How much reserves is required for achieving safety?

Financial Express, 25 April 2009

How much reserves should a country hold? Prior to the global financial crisis, these debates were a stab in the dark, where reserves were intended to protect against an un-knowable future crisis. Now we have a better factual base about how much reserves is useful in a mighty crisis. In India's case, the magnitudes required seem to be small. And, even if reserves are enormous, using them in a crisis is troublesome. If it is insurance that is desired, perhaps it can be better achieved through other means.

What happened to reserves?

India's reserves holding peaked at $305 billion or 30% of GDP, in May 2008. One reason for holding reserves is to be able to "defend" the currency in a time of crisis. Debates on reserves adequacy in the pre-2008 period involved optimists who thought that one didn't need much, and pessimists who warned about horrible crises in which reserves would need to be sold on a massive scale.

We got a pretty bad crisis, worse than the worst portrayed by the pessimists. Nobody had imagined a world where the VIX would exceed 80%, where AIG and Lehman would go bankrupt. This has been a once-in-a-century crisis. So if we wanted a natural experiment of sale of reserves in a bad crisis, we got it. And the optimists turned out to be right.

RBI's trading on the currency market

Sale of reserves commenced in June 2008, a bit before things got really bad. The total sale of reserves from June to December added up to $36 billion. In other words, the amount of reserves actually used for insurance purposes in the worst financial crisis of a century was roughly one-ninth of the hoard that India had built up.

The sale of reserves was concentrated in October, where $18.7 billion was sold. In November, $3.1 billion was sold. In the following months, roughly nothing was sold; in fact, in February, $0.23 billion was purchased.

Reserves have declined by more than $36 billion. This reflects fluctuations of the currencies in the reserves portfolio. RBI has diversified the portfolio away from the USD. This is the prudent thing to do. However, in recent events, the non-dollar currencies in the reserves portfolio did badly. Hence, India suffered from capital losses on the reserves portfolio. As a result, the reserves portfolio is down by a total of $63 billion, with sale of reserves of $36 billion and capital losses of $27 billion.

This suggests that at India's present level of globalisation, sale of reserves will not exceed 4% of GDP in a very bad crisis. India's global integration will, of course, rise dramatically in the years to come. Further, the sight of substantial reserves might have helped anchor foreign investors in India. These considerations suggest reserves of 10% of GDP or $100 billion are adequate for insurance purposes.

Why were reserves used so little in crisis?

Three factors were at work:

  1. In a time of crisis, if the central bank sells reserves to prevent rupee depreciation, it actually kicks off a generalised asset price collapse in the domestic economy, as people try to sell off shares or bonds or houses and get their money out of the country at a distorted exchange rate. Intuitively, temporarily propping up the currency in a time of crisis is the same as supporting the exit of foreign investors at an advantageous price. These considerations restrain central banks from manipulating the currency market in a time of distress.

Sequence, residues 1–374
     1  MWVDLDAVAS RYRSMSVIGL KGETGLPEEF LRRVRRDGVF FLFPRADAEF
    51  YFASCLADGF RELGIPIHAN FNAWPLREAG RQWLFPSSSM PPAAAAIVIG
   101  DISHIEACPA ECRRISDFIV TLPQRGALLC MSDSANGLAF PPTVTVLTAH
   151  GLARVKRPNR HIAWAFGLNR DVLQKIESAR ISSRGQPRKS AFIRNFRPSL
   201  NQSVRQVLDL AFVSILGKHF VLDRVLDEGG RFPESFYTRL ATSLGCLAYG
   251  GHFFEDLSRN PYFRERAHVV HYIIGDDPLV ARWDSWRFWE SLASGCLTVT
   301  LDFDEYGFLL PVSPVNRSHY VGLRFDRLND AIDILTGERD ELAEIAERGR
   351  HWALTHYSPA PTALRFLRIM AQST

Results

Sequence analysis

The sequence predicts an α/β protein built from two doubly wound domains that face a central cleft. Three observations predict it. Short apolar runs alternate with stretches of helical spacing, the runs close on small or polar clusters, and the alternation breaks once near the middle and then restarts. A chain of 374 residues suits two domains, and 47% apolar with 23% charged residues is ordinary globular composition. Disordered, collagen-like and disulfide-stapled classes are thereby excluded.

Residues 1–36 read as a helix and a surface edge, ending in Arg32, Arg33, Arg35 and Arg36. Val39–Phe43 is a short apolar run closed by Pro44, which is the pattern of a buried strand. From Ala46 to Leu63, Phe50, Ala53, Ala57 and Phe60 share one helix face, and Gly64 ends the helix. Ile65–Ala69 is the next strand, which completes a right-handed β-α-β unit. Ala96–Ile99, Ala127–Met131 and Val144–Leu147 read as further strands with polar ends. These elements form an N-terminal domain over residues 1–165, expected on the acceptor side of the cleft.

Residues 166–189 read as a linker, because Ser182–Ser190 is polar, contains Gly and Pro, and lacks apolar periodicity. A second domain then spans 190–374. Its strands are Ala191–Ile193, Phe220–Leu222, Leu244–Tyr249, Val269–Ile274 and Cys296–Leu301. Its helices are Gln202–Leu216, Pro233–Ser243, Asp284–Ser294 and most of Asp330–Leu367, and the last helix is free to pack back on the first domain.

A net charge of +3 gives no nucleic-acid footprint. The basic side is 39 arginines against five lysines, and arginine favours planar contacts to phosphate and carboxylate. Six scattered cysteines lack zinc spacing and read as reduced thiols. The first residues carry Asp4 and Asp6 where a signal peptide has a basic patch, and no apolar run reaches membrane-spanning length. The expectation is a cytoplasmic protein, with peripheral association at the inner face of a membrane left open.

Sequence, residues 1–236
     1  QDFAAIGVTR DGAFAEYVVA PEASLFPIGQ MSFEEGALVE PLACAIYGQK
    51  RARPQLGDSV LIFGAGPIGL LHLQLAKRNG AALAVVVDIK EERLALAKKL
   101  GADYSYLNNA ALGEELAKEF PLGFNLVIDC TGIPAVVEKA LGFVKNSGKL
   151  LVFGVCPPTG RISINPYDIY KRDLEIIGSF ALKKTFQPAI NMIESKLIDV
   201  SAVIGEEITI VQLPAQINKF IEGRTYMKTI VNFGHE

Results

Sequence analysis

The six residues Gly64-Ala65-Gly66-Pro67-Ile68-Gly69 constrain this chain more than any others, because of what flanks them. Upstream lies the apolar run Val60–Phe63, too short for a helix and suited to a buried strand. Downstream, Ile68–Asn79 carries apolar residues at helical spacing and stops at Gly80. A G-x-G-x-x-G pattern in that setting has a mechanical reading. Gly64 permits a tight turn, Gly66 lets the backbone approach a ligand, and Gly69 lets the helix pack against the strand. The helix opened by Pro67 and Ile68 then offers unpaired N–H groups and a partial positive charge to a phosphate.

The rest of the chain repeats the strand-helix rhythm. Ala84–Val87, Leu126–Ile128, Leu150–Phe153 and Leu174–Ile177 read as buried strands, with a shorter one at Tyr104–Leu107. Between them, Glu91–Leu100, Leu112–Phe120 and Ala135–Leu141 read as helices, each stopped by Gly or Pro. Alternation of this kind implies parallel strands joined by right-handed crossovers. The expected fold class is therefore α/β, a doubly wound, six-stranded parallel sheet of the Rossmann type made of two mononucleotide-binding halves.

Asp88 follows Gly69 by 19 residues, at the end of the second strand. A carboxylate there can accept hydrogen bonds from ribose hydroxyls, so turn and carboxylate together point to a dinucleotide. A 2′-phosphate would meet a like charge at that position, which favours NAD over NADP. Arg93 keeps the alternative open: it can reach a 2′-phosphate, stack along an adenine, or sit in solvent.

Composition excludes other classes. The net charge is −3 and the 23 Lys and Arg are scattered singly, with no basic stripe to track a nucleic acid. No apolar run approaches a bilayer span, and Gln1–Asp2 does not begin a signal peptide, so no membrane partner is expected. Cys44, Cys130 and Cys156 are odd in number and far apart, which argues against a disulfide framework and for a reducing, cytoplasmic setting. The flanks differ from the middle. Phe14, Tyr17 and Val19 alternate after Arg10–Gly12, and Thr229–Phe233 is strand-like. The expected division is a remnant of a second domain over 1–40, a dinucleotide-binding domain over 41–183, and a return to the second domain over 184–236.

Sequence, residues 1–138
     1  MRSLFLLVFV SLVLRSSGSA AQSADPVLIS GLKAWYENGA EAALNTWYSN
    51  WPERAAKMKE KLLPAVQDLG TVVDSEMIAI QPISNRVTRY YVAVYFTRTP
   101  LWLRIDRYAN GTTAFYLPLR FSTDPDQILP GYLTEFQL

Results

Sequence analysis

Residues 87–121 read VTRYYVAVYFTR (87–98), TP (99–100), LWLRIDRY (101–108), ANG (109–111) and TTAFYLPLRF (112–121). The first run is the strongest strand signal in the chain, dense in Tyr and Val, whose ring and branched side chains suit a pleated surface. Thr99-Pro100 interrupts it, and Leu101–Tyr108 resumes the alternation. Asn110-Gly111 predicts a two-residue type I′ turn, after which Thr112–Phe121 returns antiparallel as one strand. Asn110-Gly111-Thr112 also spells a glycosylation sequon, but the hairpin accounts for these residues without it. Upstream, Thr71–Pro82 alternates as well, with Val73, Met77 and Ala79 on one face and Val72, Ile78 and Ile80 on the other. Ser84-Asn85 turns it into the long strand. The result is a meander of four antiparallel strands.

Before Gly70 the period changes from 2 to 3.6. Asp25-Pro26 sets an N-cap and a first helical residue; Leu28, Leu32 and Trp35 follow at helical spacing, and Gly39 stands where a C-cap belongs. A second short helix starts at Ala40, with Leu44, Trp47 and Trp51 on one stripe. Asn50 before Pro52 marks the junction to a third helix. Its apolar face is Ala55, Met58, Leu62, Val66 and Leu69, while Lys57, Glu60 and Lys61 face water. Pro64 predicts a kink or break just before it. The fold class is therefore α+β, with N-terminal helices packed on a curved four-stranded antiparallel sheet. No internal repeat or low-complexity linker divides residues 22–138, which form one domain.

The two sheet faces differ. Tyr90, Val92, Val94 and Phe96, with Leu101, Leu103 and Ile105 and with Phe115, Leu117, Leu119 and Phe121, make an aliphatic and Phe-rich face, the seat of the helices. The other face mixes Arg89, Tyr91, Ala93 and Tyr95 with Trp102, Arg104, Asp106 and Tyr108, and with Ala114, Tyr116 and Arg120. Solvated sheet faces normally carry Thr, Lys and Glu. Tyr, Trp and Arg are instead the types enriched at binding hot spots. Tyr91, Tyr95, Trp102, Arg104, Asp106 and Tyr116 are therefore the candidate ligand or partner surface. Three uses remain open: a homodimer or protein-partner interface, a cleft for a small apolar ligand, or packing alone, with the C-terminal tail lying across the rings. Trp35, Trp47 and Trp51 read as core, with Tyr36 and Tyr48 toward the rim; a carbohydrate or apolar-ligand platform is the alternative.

2. Further, in a downturn, a rupee depreciation is a good thing: it improves profit rates in the tradeables sector and boosts exports. Selling reserves to stave off a currency depreciation at such a time is unwise.
  3. Finally, the greatest source of confidence for foreign investors is a currency that reflects market forces and not the views of a central bank. A market-determined floating exchange rate is more credible and more believable than a manipulated administered exchange rate. In a time of crisis, every drop of credibility matters.

By and large, RBI did the right things in terms of selling some reserves, so as to give dollar liquidity to Indian firms who had overseas obligations. This could have been structured in a more transparent manner, by having open auctions where firms bought dollars from RBI.

What happened to currency flexibility?

Barring that, RBI responded to the crisis by floating the rupee, and not manipulating the exchange rate through sale of reserves. The lack of RBI trading from December 2008 till February 2009 is one of the things which has gone right in India's responses to the crisis.

This sudden change in course -- from pegging to floating -- did substantial damage to the economy, by hurting the firms who had got used to the pegged rupee-dollar rate. The lesson we should draw from this is to have a floating exchange rate in good times and in bad; to never give out such expectations to the private sector.

What are cheaper ways of obtaining insurance?

These complexities underline how reserves are actually a poor form of insurance. If insurance is desired, it can be obtained frontally using derivatives. As an example, India could enter into derivatives contracts which pay $50 billion to us when the world economy goes into stressed conditions, based on defined trigger values of indicators such as the Vix, the Moody's Baa spread, the TED Spread and the EMBI. This would come at a lower cost as compared with large holdings of reserves.

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